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Lap 162: Sponsored by On

On takes Penn Relays to World Athletics Silver Status

Penn Relays is back. Join us on April 25–27 for the 128th edition of the oldest track meet in the United States. With some help from Swiss sportswear brand On, the meet has been elevated to World Athletics Silver Status in 12 events – providing athletes with an additional opportunity to compete and another chance to qualify for the world's biggest stage. More fans. Faster times. Higher stakes. See you on the track.

Let’s get this season started: Miramar Invite 🌴

The Miramar Invite has become the unofficial season opener for the best sprinters in the world. The problem with trying to hide that first non-relay result of the season at a “low-key” meet, is that if everyone else fast is there, well, then so will our eyes! The meet was initially promoted to be on Peacock starting with the early heats, but when the time came for the meet to start, it was nowhere to be found, which is not uncommon. Sometimes you gotta dig past five Law & Order franchise banners to find what you’re looking for.

Unfortunately, this time around it was not the case of a search bar that badly needed some help from AI technology or a series of strange UX decisions. Instead, a couple of hours later there was a YouTube stream, thanks to Masai Russell’s channel – she was not competing herself. It was a peculiar situation, but I wouldn’t recognize myself in the mirror if I was here complaining about free track!

Diving into the meet itself, it has a reputation for wind. Remember last year when Sha’Carri Richardson set the tone for her season, winning in 10.57 (+4.1)? Well, this time mother nature was coming from the other side and every race was run into a harrowing headwind. So in your analysis of times, just pretend that every race was actually 105% as long as advertised. Or – AS I AM ALWAYS SAYING – just focus on match-ups! (Full Results)

  • Kenny Bednarek defended his event over Christian Coleman’s by 0.08 seconds in the 200m.

  • 2023 NCAA 100m champ Courtney Lindsey made the world team in the 200m last year, but not the 100m. Edging out Ackeem Blake, who’s coming off a bronze medal at World Indoors in the 60m, is a good sign that the 100m side of things may be coming around.

  • Britton Wilson is back from injury and looked stronger over her last 100m than at the Texas Relays, as she beat Shamier Little by three-tenths of a second in the 400m.

  • Coming off a 2:00 win in the 800 at the Texas Relays, Shafiqua Maloney dominated the 600m, winning by four seconds over Sadi Henderson and Ajee Wilson.

  • 2022 World Championship finalist Melissa Jefferson looked like herself again, winning the 100m following a quiet 2023 season that never fully went her way.

Team USA says to Peru 🇵🇪

Hey kids, you can forget about seeing the llamas on top of Machu Picchu, because USATF has canceled your field trip to Peru! And by that I mean an opportunity to compete on the world stage, likely for the first time, at the 2024 U20 World Championships this upcoming August 26th - 31st.

It is a rare occasion when Team USA does not field a full team of qualified athletes for an international championship, let alone not send a team at all. But when it does happen, it seems to disproportionately impact the kids, as was the case in 2021 to Nairobi. The reasons cited are safety, the event date, and the competitive readiness of the potential squad.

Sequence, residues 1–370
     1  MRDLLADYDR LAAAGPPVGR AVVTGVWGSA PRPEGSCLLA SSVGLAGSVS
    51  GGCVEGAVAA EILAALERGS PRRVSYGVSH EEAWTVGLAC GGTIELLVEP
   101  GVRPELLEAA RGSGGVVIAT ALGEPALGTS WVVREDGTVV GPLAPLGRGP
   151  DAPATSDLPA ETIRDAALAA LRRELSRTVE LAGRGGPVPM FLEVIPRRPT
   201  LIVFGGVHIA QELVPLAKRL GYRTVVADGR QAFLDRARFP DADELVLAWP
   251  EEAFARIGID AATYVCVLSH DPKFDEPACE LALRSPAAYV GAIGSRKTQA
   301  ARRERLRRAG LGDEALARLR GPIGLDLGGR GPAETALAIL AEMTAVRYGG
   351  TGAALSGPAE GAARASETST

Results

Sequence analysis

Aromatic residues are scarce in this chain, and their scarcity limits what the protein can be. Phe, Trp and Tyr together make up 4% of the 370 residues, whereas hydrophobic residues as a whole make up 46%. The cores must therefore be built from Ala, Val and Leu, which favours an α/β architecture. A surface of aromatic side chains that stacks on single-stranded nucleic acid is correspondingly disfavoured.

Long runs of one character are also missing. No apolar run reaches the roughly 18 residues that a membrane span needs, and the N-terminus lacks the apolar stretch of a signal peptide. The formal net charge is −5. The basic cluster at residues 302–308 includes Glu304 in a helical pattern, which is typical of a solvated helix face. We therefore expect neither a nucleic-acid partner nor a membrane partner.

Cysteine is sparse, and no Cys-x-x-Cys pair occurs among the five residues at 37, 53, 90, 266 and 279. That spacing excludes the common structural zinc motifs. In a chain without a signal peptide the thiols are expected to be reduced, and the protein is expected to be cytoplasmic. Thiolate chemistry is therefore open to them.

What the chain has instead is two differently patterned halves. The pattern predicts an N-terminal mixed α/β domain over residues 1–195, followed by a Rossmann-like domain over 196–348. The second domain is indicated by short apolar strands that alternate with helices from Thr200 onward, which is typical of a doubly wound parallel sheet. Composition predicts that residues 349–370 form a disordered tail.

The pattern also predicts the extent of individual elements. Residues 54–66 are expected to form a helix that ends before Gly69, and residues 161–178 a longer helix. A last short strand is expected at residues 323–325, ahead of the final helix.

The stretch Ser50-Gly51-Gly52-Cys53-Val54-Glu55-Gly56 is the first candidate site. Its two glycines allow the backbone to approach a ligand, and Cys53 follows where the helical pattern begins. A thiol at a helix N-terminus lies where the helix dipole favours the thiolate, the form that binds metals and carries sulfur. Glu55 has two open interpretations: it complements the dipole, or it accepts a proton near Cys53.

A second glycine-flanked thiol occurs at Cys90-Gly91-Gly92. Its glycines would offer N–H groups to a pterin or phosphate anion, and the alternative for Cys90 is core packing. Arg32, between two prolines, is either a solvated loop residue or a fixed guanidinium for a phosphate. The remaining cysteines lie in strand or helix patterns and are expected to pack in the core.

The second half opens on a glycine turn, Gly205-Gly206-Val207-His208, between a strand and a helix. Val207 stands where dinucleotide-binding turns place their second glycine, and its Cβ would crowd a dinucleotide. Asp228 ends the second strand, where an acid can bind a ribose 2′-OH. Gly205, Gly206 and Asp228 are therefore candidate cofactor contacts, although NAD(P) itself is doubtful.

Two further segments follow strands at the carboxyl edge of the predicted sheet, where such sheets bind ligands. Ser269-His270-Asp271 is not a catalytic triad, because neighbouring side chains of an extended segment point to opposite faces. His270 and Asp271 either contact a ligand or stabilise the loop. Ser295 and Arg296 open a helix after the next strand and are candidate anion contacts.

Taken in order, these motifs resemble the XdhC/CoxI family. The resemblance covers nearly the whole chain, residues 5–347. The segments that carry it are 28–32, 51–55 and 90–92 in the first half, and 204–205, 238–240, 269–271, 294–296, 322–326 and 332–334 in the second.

These… don’t seem like great reasons…? The state department designates Peru as a place American travelers should take level 2 travel precautions when visiting, which is the same as Sweden or the UK.

While the end of August is fairly deep into the season, especially for teenagers, that seems like a decision for the individual and their coaches to make. If qualified athletes weigh the pros and cons of extending training through the summer, then that should be their prerogative – not their federations.

If competitive readiness is a concern, then the solution is to not go down the descending order list when qualified athletes make the decision to defer their spots. Those who have this meet circled on their calendar will happily study abroad in Leuven this summer to stay sharp.

Boom, just like that I have successfully negotiated a peace-treaty and smoothed out USATF relationships with Peru. I’ll also accept plaudits from World Athletics, who you have to assume doesn’t love that the host of the 2026 event is not participating… again. Let the kids play!

The Run Across Africa: The Hardest Geezer 🌍

9,941 miles in 352 days: an average of over 28 miles per day. That’s what Russ Cook, who is affectionately and appropriately known as the “Hardest Geezer,” did to become the first person to run across the length of Africa from South Africa to Tunisia. The dude is a badass.

The British man raised over £600,000 for charity and inspired countless supporters in the process, despite being robbed at gunpoint, going missing, and battling visa issues all while still having to… well… run almost 10,000 miles.

All that, only to get to the other side of the challenge and be told that someone else is claiming to have done it first! Imagine Roger Bannister waking up the day after breaking four minutes in the mile and raging all night long over the fact that someone else had actually already done it 14 years earlier. This is why it is so important to log your runs on Strava (like Russ)!